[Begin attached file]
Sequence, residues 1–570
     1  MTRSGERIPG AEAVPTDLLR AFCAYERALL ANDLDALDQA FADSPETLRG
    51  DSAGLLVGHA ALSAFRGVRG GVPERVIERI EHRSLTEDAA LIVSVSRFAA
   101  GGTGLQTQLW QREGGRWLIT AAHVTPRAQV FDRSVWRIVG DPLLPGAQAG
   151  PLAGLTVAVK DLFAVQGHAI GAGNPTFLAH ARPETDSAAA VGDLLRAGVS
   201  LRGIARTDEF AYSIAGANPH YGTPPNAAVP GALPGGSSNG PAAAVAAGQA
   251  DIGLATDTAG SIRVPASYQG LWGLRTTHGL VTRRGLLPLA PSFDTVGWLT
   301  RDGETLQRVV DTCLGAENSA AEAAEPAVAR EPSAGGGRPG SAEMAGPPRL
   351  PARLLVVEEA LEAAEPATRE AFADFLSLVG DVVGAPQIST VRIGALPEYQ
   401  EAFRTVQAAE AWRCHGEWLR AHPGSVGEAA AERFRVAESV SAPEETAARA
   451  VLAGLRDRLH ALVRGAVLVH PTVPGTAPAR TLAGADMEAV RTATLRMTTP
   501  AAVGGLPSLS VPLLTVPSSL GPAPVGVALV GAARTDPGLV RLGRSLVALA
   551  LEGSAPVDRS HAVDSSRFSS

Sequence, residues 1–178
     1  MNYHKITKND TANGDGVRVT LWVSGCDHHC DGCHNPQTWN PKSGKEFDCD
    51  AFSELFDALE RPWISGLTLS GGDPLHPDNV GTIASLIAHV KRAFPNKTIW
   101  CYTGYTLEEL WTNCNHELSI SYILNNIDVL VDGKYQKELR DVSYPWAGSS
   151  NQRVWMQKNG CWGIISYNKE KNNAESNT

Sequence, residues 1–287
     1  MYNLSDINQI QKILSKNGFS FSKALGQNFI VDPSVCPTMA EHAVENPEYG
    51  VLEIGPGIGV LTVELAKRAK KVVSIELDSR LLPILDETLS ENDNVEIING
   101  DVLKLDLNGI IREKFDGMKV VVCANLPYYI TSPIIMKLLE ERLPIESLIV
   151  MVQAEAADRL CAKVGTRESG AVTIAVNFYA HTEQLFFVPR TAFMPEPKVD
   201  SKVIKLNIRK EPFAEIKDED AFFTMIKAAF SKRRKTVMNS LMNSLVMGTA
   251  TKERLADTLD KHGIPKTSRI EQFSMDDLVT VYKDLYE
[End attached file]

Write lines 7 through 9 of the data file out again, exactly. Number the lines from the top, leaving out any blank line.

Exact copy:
   251  DIGLATDTAG SIRVPASYQG LWGLRTTHGL VTRRGLLPLA PSFDTVGWLT
   301  RDGETLQRVV DTCLGAENSA AEAAEPAVAR EPSAGGGRPG SAEMAGPPRL
   351  PARLLVVEEA LEAAEPATRE AFADFLSLVG DVVGAPQIST VRIGALPEYQ